Neither will like the comparison, but it’s inescapable. Since the 2016 presidential election, Senator Bernie Sanders sounds like an earlier leader who wanted to overhaul the Democratic Party after a devastating loss: former Arkansas Governor Bill Clinton. Almost 30 years ago, Clinton, like Sanders, struggled to find a way to win back the White House by attracting more white non-college educated voters, the backbone of the New Deal coalition, many of whom had left the party at least partly out of discomfort with the dominance of women and people of color in the Democratic coalition.
Clinton promoted his humble origins, and so does Sanders. “I come from the white working class, and I am deeply humiliated that the Democratic Party cannot talk to where I came from,” Sanders declared in a speech soon after the shattering election loss to Donald Trump.
At this point, the two men’s paths diverge. Where Bill Clinton embraced a neoliberal “Third Way,” playing down the party’s advocacy of government, which had come to be seen as the province of black people and women by those defecting white workers, Sanders seeks a “Third Way” of his own, but a radical one, to reach them.
Sanders wants a full-throated re-embrace of government, a correction from Clinton’s anti-government pose. The former president embraced harsh policies on crime and welfare in part to win back whites; Sanders calls for nothing of the kind. Clinton helped the poor and middle class through stealth government—a vast and beneficial expansion of the Earned Income Tax Credit, a new college tuition tax credit program that, in terms of its value in foregone government revenues, matched the G.I. Bill. Sanders, on the other hand, places government at the center of a new American revival, in which Medicare for all and tuition-free college promote greater opportunity and less income inequality.
So while it would be wrong to belabor the comparability of the two men, we have to acknowledge we’ve wound up in much the same place, almost 30 years after Clinton and his allies began their reclamation project: trying to lure white non-college voters to a party that has increasingly become a home to women, people of color, LGBT voters, and “cosmopolitans” of every stripe—only immeasurably more so, this time around.
This is my third roundtable. I have not given up our common project on finding ways to win more white working-class votes. But in the age of Trump, which I hope will be a short one, I believe it’s more difficult, and more politically treacherous. Democrats began to hemorrhage white working-class voters when Lyndon Johnson put the party behind civil rights in 1964. Their share of those voters dropped from 55 percent to 35 percent between 1964 and 1972. We have not figured out a way to win back a significant number of them without white-centering political corner-cutting, à la Clinton, ever since. But today, doing so is not just morally wrong, but politically risky, given the party’s majority-female-and-voters-of-color base.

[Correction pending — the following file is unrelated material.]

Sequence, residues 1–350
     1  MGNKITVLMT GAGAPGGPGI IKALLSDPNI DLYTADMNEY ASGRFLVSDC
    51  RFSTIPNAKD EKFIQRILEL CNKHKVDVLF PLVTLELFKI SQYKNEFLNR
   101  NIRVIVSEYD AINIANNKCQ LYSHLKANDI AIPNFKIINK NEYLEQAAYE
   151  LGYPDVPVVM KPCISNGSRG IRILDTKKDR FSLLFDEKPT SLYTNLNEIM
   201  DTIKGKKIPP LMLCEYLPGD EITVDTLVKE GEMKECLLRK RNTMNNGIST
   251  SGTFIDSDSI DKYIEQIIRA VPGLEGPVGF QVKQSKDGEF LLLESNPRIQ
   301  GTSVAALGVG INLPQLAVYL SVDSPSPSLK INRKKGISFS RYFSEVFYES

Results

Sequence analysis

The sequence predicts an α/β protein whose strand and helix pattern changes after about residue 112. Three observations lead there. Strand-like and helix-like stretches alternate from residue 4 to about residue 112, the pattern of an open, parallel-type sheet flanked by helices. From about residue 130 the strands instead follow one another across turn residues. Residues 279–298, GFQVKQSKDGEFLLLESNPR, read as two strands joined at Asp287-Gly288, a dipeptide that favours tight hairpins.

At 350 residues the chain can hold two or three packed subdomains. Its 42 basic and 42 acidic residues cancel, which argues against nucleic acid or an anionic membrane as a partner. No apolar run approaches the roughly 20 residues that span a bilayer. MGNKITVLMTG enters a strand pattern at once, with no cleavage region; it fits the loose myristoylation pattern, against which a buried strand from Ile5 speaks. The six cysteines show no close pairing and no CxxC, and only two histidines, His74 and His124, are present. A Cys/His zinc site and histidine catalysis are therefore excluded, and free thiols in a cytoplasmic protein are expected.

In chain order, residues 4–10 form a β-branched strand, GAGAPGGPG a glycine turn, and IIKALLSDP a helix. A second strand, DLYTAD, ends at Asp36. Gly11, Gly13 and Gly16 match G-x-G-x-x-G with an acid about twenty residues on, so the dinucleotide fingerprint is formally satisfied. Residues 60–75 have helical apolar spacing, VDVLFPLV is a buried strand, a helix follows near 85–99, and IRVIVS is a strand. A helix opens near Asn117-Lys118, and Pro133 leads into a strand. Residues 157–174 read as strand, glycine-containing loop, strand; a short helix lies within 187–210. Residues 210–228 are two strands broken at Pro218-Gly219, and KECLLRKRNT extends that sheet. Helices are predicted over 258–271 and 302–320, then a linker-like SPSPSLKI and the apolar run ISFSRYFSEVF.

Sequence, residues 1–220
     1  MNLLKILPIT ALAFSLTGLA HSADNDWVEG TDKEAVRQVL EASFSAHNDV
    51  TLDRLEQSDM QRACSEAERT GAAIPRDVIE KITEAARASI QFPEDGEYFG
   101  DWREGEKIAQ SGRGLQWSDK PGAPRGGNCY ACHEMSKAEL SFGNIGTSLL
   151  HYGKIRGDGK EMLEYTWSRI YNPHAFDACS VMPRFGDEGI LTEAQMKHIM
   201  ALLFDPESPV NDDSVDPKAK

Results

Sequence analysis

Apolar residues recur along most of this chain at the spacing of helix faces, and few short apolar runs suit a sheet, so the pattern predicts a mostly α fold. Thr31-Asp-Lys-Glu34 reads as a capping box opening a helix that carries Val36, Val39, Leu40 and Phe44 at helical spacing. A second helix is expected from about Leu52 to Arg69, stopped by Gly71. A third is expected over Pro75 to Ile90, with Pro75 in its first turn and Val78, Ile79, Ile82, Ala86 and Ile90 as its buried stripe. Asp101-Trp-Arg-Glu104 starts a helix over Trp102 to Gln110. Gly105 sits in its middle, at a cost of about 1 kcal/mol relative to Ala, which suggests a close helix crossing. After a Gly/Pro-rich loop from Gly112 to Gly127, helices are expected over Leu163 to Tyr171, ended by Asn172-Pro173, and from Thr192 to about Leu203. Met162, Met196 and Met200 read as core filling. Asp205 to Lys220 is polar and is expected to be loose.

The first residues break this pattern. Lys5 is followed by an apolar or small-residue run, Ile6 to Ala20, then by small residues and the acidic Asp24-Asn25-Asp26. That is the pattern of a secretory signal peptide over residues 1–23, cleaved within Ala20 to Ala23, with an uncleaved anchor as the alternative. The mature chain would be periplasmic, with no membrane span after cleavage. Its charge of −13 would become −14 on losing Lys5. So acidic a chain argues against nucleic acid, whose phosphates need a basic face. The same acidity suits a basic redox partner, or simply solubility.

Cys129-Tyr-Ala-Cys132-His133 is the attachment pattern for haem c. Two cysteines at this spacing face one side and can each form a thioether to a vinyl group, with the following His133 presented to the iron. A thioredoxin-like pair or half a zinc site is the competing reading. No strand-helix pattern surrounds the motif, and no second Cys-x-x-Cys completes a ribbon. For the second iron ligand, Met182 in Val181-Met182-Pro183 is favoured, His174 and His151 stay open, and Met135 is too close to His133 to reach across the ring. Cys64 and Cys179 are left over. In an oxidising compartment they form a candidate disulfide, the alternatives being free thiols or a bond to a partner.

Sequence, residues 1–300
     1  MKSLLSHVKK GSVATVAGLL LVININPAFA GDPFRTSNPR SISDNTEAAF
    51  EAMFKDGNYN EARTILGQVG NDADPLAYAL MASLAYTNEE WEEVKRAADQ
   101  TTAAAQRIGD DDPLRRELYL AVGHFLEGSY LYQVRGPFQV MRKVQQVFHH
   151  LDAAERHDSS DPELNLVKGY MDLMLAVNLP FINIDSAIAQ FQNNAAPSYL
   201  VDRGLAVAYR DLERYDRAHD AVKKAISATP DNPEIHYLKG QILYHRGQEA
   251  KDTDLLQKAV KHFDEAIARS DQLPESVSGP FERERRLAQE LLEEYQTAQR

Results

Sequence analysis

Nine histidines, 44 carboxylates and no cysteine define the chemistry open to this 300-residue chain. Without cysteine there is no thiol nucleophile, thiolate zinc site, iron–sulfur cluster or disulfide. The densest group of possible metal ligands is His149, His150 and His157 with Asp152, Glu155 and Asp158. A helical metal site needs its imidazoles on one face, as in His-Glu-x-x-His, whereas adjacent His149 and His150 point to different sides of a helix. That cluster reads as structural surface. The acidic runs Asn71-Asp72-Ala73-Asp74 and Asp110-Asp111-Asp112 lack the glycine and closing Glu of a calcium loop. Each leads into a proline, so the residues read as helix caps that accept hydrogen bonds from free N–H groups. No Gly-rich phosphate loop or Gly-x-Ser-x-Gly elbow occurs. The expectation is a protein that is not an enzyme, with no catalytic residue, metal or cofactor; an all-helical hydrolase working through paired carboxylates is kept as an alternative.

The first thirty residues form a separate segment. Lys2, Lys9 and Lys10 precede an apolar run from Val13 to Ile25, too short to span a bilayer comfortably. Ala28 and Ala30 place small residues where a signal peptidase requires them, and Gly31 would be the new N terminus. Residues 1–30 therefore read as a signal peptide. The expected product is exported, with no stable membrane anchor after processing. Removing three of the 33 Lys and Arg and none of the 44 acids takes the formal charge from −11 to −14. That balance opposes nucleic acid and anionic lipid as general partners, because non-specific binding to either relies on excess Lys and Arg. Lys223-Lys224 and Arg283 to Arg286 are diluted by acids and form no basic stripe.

I WAS HONORED TO be included in the 2012 Roundtable after I wrote What’s the Matter with White People? Why We Long For A Golden Age That Never Was. The book tracked how the white working class became unmoored from the Democrats in the 1960s, partly through the story of my Irish Catholic family. While I acknowledged racism as a major factor in that breakup, I also made the case that the Democrats abandoned their role as the working-class party around the same time, making it hard to tease out which mattered more. I thought that if Democrats made a better, clearer case that they were the party of workers and not Wall Street, they could win back at least some of the defectors.
But even as I was writing it, I was questioning my thesis, shaken by the white backlash to President Obama, in which race undeniably played a role. Yes, Obama was too easy on Wall Street. But his auto bailout, his stimulus, and even Obamacare provided tangible help to this group that I was insisting would reward Democrats for providing tangible help. They did not. Obama’s support among white working-class voters dropped from 40 percent against John McCain, in the middle of the terrifying financial crisis of 2008, to 36 percent against Mitt Romney, who looked not like a coworker but “the guy who laid you off,” as Mike Huckabee noted 2008, and who emerged as the granite face of Bain Capital in 2012. In an afterward to the paperback, I tried to show how those Obama programs helped him in the Midwest, which they did, some. But where early exit polls showed him running ahead with the white working class in Ohio, thanks largely to the auto restructuring, later data showed he lost that group there, though he won narrowly in Wisconsin and Michigan.
Then came the race between Donald Trump and Hillary Clinton. We all know what happened. Or at least, we know that Trump, unbelievably, beat Clinton. We differ wildly over why. Many on the left have argued, with Bernie Sanders, that it was because even more white working-class voters left the Democrats over the party’s failure to broadcast an economic message that lined up with their experience of downward mobility and despair. I use the word “broadcast” because the party’s platform was in fact the most progressive, both economically and socially, in my lifetime. I cannot deny there is some truth in that “broadcast” failure; reporters who try can easily find voters who say they backed Obama but abandoned Clinton, and who explain it’s because they missed her economic message. She lost the white working class by 40 points, by 25 more points than Obama.
Still, a large and respectable roster of post-election surveys has shown us that the most salient factors in determining who voted for Trump is their racial resentment, belief in white superiority, and fear of their coming “minority” status in the United States. Meanwhile, historian Rick Perlstein reminds us that Trump’s “Make America Great Again” echoed the Ku Klux Klan of the early 20th century (in a wonderful piece in which he takes some of his own earlier books to task). Trump tapped into an old, dark vein in American politics, and while we are right to look at the economic anxiety that helped him rise, we must also look at the racism.